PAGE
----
ACLU to Reid: Not so fast on that gun-control bill
posted at 8:41 am on April 4, 2013 by Ed Morrissey
So far, the media has portrayed concerns over civil rights in the Senate’s new gun-control push to be a paranoia among conservatives, and/or an artifact of fear-mongering by the NRA and gun manufacturers. The Daily Caller provides something of a game-changer for the debate, if other media bother to report it. The ACLU — hardly a shill for conservative thought and corporate lobbying — tells Vince Coglianese in an exclusive interview that they have their own concerns over infringements on civil rights:
In an exclusive interview with The Daily Caller, a top lobbyist for the ACLU announced that the group thinks Reid’s current gun bill could threaten both privacy rights and civil liberties.
The inclusion of universal background checks — the poll-tested lynchpin of most Democratic proposals — “raises two significant concerns,” the ACLU’s Chris Calabrese told TheDC Wednesday.
The ACLU doesn’t oppose background checks, or even universal background checks. However, they do oppose the building of government databases on private citizens not accused of any crimes, which this bill could end up creating. While it doesn’t include universal registration, it also does not include any of the protections afforded gun buyers in existing background-check law:
“However, we also believe those checks have to be conducted in a way that protects privacy and civil liberties. So, in that regard, we think the current legislation, the current proposal on universal background checks raises two significant concerns,” he went on.
“The first is that it treats the records for private purchases very differently than purchases made through licensed sellers. Under existing law, most information regarding an approved purchase is destroyed within 24 hours when a licensed seller does a [National Instant Criminal Background Check System] check now,” Calabrese said, “and almost all of it is destroyed within 90 days.” …
But Calabrese says that Reid’s legislation fails to include those “privacy best practices.”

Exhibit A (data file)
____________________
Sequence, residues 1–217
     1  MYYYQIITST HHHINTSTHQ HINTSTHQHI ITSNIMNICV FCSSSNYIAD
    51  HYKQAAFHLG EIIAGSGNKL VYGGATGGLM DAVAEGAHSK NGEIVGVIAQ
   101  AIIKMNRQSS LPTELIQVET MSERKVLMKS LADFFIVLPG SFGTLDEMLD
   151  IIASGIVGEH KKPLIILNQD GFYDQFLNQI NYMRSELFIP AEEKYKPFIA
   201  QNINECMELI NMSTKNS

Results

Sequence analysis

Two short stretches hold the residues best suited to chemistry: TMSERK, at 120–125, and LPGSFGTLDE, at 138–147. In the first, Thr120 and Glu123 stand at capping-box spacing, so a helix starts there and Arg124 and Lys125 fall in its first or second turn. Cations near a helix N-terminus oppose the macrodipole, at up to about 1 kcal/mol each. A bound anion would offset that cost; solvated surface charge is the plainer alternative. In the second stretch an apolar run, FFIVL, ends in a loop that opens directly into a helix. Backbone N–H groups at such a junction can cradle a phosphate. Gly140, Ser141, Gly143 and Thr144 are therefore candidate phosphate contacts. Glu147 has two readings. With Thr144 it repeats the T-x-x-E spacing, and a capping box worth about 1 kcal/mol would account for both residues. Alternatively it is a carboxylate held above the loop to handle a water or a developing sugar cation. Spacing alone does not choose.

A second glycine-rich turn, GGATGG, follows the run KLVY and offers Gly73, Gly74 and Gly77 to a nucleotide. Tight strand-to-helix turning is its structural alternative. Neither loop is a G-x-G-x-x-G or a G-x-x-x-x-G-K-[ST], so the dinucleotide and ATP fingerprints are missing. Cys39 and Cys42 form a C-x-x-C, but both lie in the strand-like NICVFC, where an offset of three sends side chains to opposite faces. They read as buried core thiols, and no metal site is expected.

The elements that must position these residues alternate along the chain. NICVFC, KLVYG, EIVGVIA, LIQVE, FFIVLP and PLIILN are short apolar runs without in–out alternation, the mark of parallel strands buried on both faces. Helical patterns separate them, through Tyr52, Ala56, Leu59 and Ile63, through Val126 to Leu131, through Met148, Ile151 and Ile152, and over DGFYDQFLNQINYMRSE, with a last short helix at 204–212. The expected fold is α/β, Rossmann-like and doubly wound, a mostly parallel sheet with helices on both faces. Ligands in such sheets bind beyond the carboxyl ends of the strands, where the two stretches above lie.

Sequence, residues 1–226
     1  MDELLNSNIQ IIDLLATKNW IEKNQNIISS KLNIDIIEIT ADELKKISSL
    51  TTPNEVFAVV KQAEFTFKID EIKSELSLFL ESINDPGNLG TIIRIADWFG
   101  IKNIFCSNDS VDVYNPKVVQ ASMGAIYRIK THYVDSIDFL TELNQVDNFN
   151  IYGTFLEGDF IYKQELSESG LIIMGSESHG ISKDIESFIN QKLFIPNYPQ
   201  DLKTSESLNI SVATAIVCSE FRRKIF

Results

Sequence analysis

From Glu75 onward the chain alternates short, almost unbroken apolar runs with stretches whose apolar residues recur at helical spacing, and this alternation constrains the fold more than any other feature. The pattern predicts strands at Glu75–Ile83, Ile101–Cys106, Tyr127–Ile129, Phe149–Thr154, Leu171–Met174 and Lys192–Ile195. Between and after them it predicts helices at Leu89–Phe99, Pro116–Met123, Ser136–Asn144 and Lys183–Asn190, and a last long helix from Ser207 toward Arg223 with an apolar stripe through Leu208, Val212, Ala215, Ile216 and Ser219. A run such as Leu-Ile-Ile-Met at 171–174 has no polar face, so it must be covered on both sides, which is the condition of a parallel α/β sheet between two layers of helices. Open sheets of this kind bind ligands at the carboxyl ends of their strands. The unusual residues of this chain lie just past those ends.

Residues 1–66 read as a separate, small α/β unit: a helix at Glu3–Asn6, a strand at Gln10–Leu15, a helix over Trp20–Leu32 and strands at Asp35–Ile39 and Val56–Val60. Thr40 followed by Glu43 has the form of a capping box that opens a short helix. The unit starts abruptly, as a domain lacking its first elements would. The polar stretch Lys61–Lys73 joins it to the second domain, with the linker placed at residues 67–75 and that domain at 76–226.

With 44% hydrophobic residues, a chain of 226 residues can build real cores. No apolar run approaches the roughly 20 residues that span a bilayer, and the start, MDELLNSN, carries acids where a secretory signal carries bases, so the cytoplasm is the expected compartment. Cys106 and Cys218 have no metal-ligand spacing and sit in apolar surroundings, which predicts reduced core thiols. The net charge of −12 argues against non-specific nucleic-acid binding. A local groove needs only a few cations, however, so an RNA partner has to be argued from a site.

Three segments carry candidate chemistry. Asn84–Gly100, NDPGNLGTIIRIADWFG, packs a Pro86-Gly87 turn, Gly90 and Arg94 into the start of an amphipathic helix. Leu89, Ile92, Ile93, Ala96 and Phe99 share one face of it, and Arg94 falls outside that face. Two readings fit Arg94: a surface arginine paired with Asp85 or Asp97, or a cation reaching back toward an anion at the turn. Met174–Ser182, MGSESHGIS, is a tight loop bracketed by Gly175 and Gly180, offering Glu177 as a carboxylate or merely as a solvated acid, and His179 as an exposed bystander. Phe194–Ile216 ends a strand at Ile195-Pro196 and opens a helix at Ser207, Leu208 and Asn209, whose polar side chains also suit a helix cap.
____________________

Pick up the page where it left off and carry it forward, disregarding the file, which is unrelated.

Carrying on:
“Contrast this with what the existing [Reid] legislation says, which is simply that a record has to be kept of a private transfer,” Calabrese highlighted, “and it doesn’t have any of the protections that we have in current law for existing licensees.”
“We think that that kind of record-keeping requirement could result in keeping long-term detailed records of purchases and creation of a new government database.”
“And they come to use databases for all sorts of different purposes,” Calabrese said. “For example, the National Counterterrorism Center recently gave itself the authority to collect all kinds of existing federal databases and performed terrorism related searches regarding those databases. They essentially exempted themselves from a lot of existing Privacy Act protections.”
“So you just worry that you’re going to see searches of the databases and an expansion for purposes that were not intended when the information was collected.”
So, it’s not just paranoia from conservatives or the NRA behind opposition to the proposals for expanded background checks. It’s actually a rational concern over civil liberties, plus a legislative process that is either incompetently or maliciously undermining the existing protections in background-check law. Given the nature of the effort and the demagogic and dishonest campaign behind it, it’s pretty easy to assume the latter rather than the former. Either way, it’s bad news.
On occasion, I’ve criticized the ACLU for not defending the Second Amendment in its activism in courts and in politics. That’s not exactly what they’re doing here, of course; they’re more concerned about the Fourth and Fifth Amendment implications of the Senate’s gun-control bill than in the explicit individual right to bear arms. Still, give them kudos for speaking up at all; we’ll see how long they’ll commit to fighting Democrats to protect the privacy of gun owners.
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